Kirkhelleren is located on the island of Sanna in Træna municipality, furthest out to sea on the Helgeland coast.

Why did somebody build a ceramics factory on this remote island 2000 years ago?

It's far off the Norwegian coast, and there isn't clay available to make ceramics. Still, somebody made a lot of pottery at Kirkhelleren in Træna, thousands of years ago.

Only once before has a similar place used to produce ceramics several thousand years ago been found in Norway. It was located outside Kristiansand in Southern Norway. Archaeologists are also aware of a few other possible such installations.

Why, perhaps as long as 2,000 years ago, did somebody build what could almost be described as a ceramics factory in Kirkhelleren in Træna - far out in the sea off the Helgeland coast? The archaeologists do not yet have a clear answer.

Træna is located 50 kilometers from the mainland in Northern Norway.

The Islands have a population of just under 500 people, and is otherwise known among other things for hosting the Træna festival.

It is also one of Norway's first settlements, and apparently a place where you could get good pottery, a couple of thousand years ago.

Extensive ceramic production

“We have found a structure that has clearly been affected by heat. It is insulated at the bottom and is lined with limpet shells. There is a lot of burnt clay inside,” archaeologist Erlend Jørgensen says. “We believe that this structure must have been made for a fairly extensive production of ceramics.”

He asserts that this is not like a ceramic kiln we might find today.

It is unlikely there is clay suitable for making ceramics in Træna. People may have had to transport clay from the mainland and far out to sea.

The archaeologist at the Norwegian Institute for Cultural Heritage Research emphasises that the dating of around 2,000 years remains uncertain.

Found lots of pottery 90 years ago

The last time there was a major archaeological excavation in Kirkhelleren on Træna was in the 1930s. At that time, archaeologist Gutorm Gjessing and colleagues excavated the inner part of the cave.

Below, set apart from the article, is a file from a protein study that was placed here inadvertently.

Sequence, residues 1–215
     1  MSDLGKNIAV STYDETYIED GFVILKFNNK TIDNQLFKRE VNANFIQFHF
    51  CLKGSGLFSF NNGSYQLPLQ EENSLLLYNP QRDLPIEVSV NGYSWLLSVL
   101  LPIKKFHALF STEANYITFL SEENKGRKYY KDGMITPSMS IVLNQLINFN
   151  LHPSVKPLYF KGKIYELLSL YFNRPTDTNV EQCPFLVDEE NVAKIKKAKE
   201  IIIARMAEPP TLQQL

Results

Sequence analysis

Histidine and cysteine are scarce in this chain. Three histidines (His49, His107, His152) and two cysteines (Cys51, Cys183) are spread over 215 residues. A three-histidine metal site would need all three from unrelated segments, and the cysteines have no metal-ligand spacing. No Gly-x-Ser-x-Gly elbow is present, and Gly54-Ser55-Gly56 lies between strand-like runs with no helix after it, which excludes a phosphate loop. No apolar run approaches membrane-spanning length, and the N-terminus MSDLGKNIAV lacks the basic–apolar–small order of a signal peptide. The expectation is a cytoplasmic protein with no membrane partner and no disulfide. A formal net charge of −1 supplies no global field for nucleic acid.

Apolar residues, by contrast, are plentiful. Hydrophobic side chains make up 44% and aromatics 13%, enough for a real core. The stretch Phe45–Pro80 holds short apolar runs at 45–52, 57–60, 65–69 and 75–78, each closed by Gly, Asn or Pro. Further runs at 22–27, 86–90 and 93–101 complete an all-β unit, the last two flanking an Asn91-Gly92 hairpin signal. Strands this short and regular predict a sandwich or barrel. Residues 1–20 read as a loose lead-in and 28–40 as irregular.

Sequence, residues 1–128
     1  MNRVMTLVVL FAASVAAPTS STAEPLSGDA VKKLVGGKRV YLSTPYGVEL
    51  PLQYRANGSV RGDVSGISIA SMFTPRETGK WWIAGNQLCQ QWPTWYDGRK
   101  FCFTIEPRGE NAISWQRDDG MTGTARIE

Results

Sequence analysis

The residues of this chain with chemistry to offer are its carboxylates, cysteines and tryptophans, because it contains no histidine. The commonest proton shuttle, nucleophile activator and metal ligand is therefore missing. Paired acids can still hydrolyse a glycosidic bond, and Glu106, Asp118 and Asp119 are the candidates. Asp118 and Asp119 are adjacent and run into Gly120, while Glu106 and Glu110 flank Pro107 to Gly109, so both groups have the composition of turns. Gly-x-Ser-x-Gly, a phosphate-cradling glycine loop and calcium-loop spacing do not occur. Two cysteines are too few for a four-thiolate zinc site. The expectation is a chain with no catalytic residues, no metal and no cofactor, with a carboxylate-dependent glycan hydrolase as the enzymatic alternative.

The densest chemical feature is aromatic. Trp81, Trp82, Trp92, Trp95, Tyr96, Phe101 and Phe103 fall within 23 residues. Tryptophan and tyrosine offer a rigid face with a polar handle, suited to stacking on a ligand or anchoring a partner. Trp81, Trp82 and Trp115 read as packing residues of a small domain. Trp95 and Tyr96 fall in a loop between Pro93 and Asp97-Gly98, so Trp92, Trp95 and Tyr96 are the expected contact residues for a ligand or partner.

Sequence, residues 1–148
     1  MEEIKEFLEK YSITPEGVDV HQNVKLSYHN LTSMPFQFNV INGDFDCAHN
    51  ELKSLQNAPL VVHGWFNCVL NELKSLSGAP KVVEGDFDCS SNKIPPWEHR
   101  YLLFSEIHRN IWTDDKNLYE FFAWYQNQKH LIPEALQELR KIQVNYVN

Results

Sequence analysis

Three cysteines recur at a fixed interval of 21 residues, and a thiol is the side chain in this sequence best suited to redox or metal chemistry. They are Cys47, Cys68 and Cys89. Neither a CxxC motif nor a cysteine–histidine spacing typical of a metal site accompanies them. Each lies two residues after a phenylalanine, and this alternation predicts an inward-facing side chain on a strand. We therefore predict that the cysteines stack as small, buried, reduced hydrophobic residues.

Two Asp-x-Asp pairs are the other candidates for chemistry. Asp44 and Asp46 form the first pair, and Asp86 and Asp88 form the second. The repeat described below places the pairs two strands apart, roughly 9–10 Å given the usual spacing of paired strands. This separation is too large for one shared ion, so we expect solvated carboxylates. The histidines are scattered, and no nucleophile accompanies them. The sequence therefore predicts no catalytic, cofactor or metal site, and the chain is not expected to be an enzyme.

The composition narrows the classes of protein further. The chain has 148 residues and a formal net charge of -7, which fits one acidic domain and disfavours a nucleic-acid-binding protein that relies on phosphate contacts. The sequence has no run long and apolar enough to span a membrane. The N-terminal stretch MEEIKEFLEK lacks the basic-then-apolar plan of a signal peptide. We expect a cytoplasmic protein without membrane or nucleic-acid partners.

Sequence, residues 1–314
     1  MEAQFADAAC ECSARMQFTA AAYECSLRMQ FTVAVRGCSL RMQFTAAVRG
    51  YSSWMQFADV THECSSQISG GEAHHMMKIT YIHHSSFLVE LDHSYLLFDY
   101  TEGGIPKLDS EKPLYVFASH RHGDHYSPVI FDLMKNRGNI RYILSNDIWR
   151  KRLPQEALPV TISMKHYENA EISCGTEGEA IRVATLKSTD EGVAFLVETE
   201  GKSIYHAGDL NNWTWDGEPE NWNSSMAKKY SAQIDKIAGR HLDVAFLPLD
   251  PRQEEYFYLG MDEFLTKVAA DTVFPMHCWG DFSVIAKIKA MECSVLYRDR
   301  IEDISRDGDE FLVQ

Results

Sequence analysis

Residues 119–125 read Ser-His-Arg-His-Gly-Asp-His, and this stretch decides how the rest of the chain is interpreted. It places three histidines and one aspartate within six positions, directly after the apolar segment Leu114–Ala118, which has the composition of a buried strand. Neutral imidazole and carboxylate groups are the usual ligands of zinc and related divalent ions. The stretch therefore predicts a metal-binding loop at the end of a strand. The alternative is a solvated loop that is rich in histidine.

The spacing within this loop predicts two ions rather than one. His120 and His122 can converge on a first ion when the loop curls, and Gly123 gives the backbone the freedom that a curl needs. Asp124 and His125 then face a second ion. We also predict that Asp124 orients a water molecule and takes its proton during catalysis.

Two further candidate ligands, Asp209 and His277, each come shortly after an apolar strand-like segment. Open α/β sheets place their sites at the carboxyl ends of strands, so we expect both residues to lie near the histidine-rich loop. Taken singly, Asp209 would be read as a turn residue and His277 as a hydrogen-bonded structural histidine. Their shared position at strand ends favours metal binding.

There they found large quantities of pottery remains.

Archaeologists have now begun excavating other parts of the cave. Their new finding ties in with Gjessing’s pottery remains found almost 90 years ago.

“Ceramic production is still not something you start on a large scale in a place like this unless there is a very special reason for it,” Jørgensen tells “This is why I think it is very strange.”

Here archaeologists found the site of pottery production.

Is it for storing seals?

When encouraged to speculate a bit, the archaeologist points to the capture of seals and fish that certainly took place on Træna around 2,000 years ago.

“Inside Kirkhelleren we have found huge amounts of bones and other slaughter waste. These are mostly remains of seals and fish. There has likely been large-scale seal hunting here on Træna,” he points out. “Whole animals appear to have been taken into the cave and cooked in special cooking pits along with shells, birds and fish.”

Archaeologists have also found many remains of large cod and some sheep within the layers inside Kirkhelleren. They have also found remains of a moose.

“If I were to speculate, it appears that this ceramic production may have related to the mass capture of seals and other animals. Perhaps the pottery was created for food preparation. However, we do not know for sure,” Jørgensen says.

The ARCAVE archaeologists at work inside Kirkhelleren on Træna. The project is led by the Norwegian Institute for Cultural Heritage Research.

People here 9,000 years ago

Kirkhelleren is a popular tourist destination on the Helgeland coast and the excavation that is now taking place is adapted for the public. Last summer, at its busiest, a couple of hundred people visited the cave a day and observed the archaeologists' work.

Queen Sonja was one of the visitors.

During the excavation work last year, the researchers came across bones and charcoal that turned out to be about 9,000 years old. That is, from the Old Stone Age in Norway.

Jørgensen does not rule out that they may be able to find even older remains of people out on Træna.


Translated by Alette Bjordal Gjellesvik.

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